This work analyzes the rhetoric of for-profit probation and rehabilitation companies in the United States, examining how dichotomies have shifted our social understanding of the word “criminal” and created an environment where a justice system mediated by money can thrive. The author argues that Reagan’s revival of the war on drugs reframed addicts in need of help as criminals in need of incarceration and created a dialectic framework that made dichotomous points out of criminals and the rest of America. Using Kenneth Burke’s theories of identification and division, Ann E. Berthoff’s theories of dichotomies and dialectic, and Michel Foucault’s theories of power relations and ceremonies of punishment, the author analyzes for-profit probation and rehabilitation companies as rhetorical constructs and examines how rhetorical agency is formed and articulated within those constructs. Further, the author analyzes how communication practices shape what it means to be a criminal in the United States and how they shape what is acceptable in punishing criminals. The author also focuses on Paulo Freire’s practice of world building and James Porter et al’s practice of institutional critique to find points of intervention that are available to rhetoric and composition scholars. This study is meant to serve as a reflection on and analysis of the communication practices of for-profit probation and rehabilitation companies, and as a stepping-stone to the active practice of institutional critique and world building.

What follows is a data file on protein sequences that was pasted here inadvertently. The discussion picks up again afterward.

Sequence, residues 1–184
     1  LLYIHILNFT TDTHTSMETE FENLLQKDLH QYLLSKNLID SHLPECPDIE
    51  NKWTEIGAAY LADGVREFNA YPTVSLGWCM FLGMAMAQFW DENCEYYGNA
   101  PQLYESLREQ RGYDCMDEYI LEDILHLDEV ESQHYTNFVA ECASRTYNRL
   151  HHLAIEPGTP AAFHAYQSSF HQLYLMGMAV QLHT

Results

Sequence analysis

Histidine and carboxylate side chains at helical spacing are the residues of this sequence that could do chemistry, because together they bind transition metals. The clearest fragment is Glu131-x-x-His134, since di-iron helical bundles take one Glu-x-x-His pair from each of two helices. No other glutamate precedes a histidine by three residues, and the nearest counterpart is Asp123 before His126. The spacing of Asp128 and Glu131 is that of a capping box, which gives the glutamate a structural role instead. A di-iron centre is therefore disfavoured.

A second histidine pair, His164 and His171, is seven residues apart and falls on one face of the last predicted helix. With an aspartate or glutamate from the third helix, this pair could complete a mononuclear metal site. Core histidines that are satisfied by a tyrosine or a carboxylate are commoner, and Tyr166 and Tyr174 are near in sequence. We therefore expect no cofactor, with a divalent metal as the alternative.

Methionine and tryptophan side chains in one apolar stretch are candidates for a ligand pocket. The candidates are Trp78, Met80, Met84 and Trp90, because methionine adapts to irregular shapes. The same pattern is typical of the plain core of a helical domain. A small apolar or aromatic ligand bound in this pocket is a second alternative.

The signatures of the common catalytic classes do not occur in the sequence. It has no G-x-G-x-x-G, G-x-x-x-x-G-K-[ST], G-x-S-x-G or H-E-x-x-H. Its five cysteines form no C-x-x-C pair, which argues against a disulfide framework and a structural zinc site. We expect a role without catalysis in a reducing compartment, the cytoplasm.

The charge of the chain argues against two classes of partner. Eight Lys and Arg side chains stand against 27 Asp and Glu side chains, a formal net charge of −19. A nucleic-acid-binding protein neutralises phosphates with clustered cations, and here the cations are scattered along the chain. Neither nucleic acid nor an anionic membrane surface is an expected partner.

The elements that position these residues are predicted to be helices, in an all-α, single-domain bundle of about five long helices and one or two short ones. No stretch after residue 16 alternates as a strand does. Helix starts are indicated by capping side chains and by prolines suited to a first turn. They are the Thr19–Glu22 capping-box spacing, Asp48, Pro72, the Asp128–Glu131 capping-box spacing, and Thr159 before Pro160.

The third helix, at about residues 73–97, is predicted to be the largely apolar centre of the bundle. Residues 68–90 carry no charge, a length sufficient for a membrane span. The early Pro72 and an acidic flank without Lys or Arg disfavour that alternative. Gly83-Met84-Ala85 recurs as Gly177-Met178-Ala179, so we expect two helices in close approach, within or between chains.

Author: Jason Huber